A few employees lingered inside the sprawling Wells Fargo bank branch last Wednesday just before 5 p.m. They were likely completing their last day, at least in the bank’s Main Street branch in downtown Toms River, as it had closed to customers at 12 noon.
Meanwhile, minutes beforehand a few blocks away on Hooper Avenue, the Ocean County Commissioners were discussing some progress that had been gained in a problem Commissioner Joseph Vicari has taken on as something of a personal quest: saving physical branches of banks across the county.
What’s The Problem?
While most banking has moved to digital platforms, even for depositing paper checks, the local region faces challenges if bank branches close, officials believe. Ocean County’s largest-in-the-nation population of senior citizens are less likely to know how to use mobile apps or online banking than their younger neighbors, and some find it difficult to drive to banks that are getting farther and farther away from home. Another issue emerges for those people of any age who do not have bank accounts of their own. Without bank branches, many turn to check cashing storefronts, which are known to charge comparatively high fees and, for the larger community, are often seen as undesirable businesses that are associated with unscrupulous activities. More of these businesses have been emerging in Ocean County in recent years, officials have observed.
Rarely mentioned in the banking discussion are the victims of fraud after a digital mishap.
Steve Scaturro, Director of the Ocean County Department of Consumer Affairs, told the commissioner the problem is growing. The majority of complaints his office responds to involve fraud against older adults, he said, and it is often a teller in a physical branch who identifies the problem.
“Sometimes, even giving a friend or relative an online password can be a problem,” Scaturro said.
The fact that the massive Wells Fargo branch in downtown Toms River closed just before the discussion fostered something of an ironic illustration of the problem.
“Having a bank downtown has always been very special,” said Vicari. “It’s part of the revitalization program we have going on here – businesses like banks within walking distance to where people work and live.”
The downtown branch is located just a block and a half from where a 10-story residential and retail complex is planned, with Main Street slated to become part of a centralized traffic loop that enhances flow and is aimed at injecting life into the neighborhood’s business community with more residents nearby.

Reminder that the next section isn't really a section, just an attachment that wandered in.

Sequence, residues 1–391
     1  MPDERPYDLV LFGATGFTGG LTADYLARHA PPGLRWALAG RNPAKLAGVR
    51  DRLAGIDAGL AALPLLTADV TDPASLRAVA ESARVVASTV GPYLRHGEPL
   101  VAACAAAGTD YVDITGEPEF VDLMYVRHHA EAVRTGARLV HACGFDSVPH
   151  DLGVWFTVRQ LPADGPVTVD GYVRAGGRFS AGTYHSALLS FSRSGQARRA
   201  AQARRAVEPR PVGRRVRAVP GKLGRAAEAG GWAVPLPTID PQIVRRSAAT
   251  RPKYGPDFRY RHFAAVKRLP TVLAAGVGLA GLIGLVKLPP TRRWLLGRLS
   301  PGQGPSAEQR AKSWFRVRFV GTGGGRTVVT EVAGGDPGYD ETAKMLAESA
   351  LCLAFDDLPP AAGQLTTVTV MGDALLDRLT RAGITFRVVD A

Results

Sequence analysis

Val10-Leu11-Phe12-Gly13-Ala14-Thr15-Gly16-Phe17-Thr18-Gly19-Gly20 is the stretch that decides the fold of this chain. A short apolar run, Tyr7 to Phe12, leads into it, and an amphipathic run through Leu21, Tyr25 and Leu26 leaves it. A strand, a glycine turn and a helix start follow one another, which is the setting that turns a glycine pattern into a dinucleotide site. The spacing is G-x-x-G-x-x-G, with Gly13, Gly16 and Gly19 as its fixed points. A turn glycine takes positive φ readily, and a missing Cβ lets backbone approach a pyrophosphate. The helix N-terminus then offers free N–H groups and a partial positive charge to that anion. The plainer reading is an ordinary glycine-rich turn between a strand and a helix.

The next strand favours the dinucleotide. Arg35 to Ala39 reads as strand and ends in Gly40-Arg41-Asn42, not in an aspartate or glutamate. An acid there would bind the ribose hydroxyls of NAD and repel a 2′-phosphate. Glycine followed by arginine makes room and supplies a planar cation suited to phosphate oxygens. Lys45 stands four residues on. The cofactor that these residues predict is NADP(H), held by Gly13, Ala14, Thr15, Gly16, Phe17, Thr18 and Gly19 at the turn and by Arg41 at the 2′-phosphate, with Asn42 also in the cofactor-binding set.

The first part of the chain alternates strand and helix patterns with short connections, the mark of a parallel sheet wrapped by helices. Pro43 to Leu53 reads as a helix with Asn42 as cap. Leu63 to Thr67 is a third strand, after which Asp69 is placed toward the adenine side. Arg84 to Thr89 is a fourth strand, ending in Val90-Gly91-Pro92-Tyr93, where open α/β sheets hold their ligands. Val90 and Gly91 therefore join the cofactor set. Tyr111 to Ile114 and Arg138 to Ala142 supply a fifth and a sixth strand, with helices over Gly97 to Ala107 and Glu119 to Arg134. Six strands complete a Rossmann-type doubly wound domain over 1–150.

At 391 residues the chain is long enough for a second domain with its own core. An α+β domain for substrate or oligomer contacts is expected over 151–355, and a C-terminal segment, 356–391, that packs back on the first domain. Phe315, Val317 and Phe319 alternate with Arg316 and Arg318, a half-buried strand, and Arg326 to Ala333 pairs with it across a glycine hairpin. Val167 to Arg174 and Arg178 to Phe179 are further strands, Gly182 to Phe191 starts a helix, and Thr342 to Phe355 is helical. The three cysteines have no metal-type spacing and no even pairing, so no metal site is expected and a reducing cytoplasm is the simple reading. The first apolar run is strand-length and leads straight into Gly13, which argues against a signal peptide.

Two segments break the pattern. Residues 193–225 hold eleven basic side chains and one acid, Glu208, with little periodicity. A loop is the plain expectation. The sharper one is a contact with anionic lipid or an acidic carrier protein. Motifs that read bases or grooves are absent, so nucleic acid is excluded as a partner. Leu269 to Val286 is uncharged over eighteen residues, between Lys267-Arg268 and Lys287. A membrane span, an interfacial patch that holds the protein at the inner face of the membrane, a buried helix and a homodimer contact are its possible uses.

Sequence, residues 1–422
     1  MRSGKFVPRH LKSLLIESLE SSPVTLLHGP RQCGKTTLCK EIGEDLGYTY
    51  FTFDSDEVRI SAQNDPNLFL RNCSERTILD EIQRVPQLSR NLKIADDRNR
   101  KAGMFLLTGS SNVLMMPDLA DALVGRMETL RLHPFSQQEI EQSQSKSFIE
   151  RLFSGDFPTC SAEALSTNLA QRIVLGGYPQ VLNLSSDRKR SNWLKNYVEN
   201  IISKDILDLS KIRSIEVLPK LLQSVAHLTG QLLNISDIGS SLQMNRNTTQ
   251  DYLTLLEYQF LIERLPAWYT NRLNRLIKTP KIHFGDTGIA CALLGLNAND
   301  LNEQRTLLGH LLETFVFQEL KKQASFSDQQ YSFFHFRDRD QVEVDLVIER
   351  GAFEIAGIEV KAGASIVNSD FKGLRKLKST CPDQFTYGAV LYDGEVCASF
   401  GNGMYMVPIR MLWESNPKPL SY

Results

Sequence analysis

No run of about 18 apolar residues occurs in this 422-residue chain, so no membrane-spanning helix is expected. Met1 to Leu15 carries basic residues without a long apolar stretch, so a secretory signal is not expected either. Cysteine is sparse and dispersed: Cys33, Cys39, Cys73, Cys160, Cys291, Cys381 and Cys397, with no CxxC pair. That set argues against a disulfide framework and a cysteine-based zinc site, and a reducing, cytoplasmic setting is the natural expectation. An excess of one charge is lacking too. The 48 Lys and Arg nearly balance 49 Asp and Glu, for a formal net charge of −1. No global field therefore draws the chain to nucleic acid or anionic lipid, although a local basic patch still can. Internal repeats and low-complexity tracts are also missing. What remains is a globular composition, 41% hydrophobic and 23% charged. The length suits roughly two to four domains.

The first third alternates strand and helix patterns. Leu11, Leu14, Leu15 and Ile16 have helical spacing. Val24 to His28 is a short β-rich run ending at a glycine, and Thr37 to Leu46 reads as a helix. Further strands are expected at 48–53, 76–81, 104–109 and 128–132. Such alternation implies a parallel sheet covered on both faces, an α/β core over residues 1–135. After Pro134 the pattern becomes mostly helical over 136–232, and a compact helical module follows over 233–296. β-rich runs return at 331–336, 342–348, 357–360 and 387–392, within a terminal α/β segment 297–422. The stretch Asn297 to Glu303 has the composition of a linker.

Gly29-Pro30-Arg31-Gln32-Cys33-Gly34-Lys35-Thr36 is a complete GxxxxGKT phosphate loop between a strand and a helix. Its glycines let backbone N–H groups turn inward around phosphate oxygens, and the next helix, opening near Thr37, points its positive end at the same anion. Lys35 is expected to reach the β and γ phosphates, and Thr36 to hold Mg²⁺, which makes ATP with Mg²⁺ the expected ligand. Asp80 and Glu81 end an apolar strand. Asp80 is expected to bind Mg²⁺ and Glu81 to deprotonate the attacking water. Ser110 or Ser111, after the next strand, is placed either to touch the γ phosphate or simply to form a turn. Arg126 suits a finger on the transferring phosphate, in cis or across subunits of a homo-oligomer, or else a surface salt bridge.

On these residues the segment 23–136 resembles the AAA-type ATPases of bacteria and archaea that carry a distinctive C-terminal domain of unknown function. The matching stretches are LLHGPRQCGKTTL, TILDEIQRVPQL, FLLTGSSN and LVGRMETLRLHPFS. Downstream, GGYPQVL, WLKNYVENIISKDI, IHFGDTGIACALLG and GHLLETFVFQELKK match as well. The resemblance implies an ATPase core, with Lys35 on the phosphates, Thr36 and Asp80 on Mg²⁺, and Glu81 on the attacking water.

“The bank downtown helps small businesses, county employees can walk to the bank, and as of today, it was history,” said Vicari, who penned a letter to the CEO of Wells Fargo. “I said, ‘it’s the county seat, it has always been a bank and we have a great revitalization program.’”
The commissioners’ efforts to preserve retail banking in Ocean County have not gone unnoticed. Vicari and other officials held a conference call last week with the state’s banking commissioner where they learned about a program started in Jersey City that could be adapted for the Shore area. Days later, news of a real estate development trust with its eyes on purchasing bank branches in Ocean County emerged.
Solutions On the Way?
Marlene Caride, the state’s commissioner of banking and insurance, suggested Ocean County look into a shared-worker program that has been implemented in some North Jersey cities, including Jersey City. Under the program bank tellers can work in a cooperative system that includes multiple banks, or work remotely to serve customers at a physical branch via video link.
“The issue is that some banks are state [chartered] and some are federal,” said Vicari. “But we can identify where there is a need, and possibly get them to share the cost and the overhead.”
Meanwhile, a development firm from Hudson County has announced it is interested in investing in entering the Ocean County commercial market, including the marketing of bank properties. JDA Group, of Hoboken, is expanding into the Ocean County retail real estate market with the acquisition of 106 Lacey Road in Lacey Township – the township’s TD Bank branch. The branch was sold as part of a $5.9 million off-market transaction.
The company has identified banks as areas of opportunity in Ocean County, where the senior population remains strong and growing.
The company’s first purchase on Lacey Road – in an area that lacks retail banking resources and is home to a large senior citizen population – was a key consideration in the acquisition, according to Timothy Connell, vice president of JDA.
“Drive-through service has long been a desirable feature of highway retail, and over the past two years during the pandemic these establishments have proven their worth,” Connell said. “Further, many older adults still prefer face-to-face interactions at branch locations, and Ocean County is underserved for retail banking locations.”
The same company also acquired and developed a Bank of America branch and ATM site in Fort Lee last month.
In all, about 50 bank branches have closed within Ocean County over the past 10 years. The number of branches are down about 25 percent from historical levels, according to state data.
“More than 90 percent of our businesses are small businesses,” Vicari said. “They need a local bank branch if they are to prosper.”